The Twilight Sad know how to come out of the starting blocks, they take to the stage before a jam-packed Grand Ole Opry, sans cowboy britches and stilettos, and tear into ‘Kill It in the Morning’ from new album No One Can Ever Know.
An unusual choice, certainly – ‘Kill It in the Morning’, if anything, sounds like a song more comfortable with the recording studio than the stage – but the audience are soon surprised, as mystic keyboard, thundering bass and James Graham’s commanding stage presence work in perfect synergy from the off.
‘Don’t Move’ proves similarly adaptable to the live environment, a dark prose poem of a song, and Andy MacFarlane’s low-slung guitar sounds tyrannosaurus-huge when fed through the venue’s PA.
Graham himself is an entrancing figure on stage, all steely gazes into the middle distance, silent screams as he holds the mic away from his face and jarring, dislocated dancing.
He holds the crowd’s attention like a particularly skilled orator, and, on ‘That Summer at Home I Had Become the Invisible Boy’, like a veritable puppetmaster; heads nod in dreamy appreciation for this most cherished of songs.
Who’d have thought the line “the kids are on fire in the bedroom” – screamed as it is by Graham – would inspire such catharsis, such shivers down the spine? Spine-tingling sums the aura of this gig up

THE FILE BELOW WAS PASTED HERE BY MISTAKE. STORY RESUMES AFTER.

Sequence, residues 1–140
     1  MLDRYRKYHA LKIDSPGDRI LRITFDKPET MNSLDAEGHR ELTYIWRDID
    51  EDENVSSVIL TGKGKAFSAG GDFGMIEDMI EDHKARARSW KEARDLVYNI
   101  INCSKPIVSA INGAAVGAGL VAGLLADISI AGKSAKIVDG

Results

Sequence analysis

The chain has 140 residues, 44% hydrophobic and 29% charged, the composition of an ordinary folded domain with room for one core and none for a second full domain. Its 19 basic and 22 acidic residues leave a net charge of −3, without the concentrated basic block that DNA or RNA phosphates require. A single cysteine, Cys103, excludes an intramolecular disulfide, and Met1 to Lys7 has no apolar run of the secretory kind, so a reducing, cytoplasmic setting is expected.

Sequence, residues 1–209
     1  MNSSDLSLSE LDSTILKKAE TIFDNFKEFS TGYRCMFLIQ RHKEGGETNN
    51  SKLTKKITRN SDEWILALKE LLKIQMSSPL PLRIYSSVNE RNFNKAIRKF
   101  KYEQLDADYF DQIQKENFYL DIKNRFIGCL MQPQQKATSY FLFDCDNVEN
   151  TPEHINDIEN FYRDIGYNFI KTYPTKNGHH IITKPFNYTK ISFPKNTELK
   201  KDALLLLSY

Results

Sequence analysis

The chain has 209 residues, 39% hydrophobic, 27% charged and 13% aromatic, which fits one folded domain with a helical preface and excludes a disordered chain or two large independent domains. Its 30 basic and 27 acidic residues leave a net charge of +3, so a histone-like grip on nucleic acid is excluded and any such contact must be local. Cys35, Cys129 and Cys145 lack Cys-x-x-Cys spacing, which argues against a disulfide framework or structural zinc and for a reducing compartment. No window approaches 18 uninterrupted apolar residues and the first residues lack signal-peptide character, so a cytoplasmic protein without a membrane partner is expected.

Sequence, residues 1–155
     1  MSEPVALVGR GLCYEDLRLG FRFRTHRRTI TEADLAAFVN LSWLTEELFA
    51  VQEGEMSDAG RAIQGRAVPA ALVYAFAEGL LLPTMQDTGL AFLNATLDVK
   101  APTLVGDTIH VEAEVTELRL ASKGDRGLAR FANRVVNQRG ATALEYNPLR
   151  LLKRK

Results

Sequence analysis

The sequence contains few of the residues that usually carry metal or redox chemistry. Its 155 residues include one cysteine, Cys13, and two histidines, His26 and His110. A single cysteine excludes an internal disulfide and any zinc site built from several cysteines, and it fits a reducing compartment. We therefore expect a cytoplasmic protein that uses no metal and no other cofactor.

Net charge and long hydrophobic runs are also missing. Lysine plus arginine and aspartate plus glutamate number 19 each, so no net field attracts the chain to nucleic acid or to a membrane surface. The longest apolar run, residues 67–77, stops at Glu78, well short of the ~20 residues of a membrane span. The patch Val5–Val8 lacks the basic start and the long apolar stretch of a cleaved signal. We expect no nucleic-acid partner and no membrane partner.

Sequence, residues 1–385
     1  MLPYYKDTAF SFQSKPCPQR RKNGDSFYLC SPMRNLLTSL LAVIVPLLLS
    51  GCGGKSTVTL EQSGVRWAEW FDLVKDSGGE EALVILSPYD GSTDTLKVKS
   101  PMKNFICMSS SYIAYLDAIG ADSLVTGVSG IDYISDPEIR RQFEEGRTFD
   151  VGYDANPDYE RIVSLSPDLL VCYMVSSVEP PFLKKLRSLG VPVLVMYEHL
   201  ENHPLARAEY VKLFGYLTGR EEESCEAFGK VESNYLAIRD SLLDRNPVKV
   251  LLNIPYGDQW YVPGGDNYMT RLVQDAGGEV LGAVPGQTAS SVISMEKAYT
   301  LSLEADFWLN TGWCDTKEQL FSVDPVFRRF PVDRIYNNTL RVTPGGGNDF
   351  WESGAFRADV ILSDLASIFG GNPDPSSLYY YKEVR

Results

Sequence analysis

The crowd break into raucous applause after each song, and new numbers ‘Dead City’ and ‘Alphabet’ sound particularly glorious.
Simple, slashing and spurious strobe lights dart left and right across the stage of this worn gun club, as mesmeric harmonies and powerful bass hooks blast out of the speakers, and Graham continues his catatonic stares into the audience.
While the almighty ‘I Became a Prostitute’ is one of the absolute highlights of the night, a surging, triumphant salvo of heartache, the one-two punch of ‘Sick’ and ‘Another Bed’ convince those who have not yet picked up the new album to do so: fast; like, right fucking now.
While there is little between-song banter, who needs it? This band dispense with the contrived frivolities to focus on delivering where it matters.
‘Cold Days From the Birdhouse’ is given a nice twist, played out as feedback rings from the speakers and Graham more or less takes it home a capella.
New track ‘Nil’ is almost impossibly beautiful, snarling yet subtle, beautiful yet brutal, Graham’s line, “is that you, son?/is what ye used to say” delivered like the first line of some Shakespearean sonnet.
Old favourite ‘And She Would Darken the Memory’ changes pace a little, with a more even-handed rock approach, before the band wrap things up on the churning ‘At the Burnside’; no encore; no need.
Before departing, Graham thanks the crowd with genuine humility, seemingly shocked by the turnout.
He needn’t be; The Twilight Sad have produced three great albums on the trot, and continue to exemplify the kind of energy, subtlety and integrity that will attract passionate and devoted fans from all over the world.
Let’s hope they return from their US tour to take their show to the Barrowlands later in the year: I’ll be there.
Words: Ronnie McCluskey
Photos: Jenny Anderson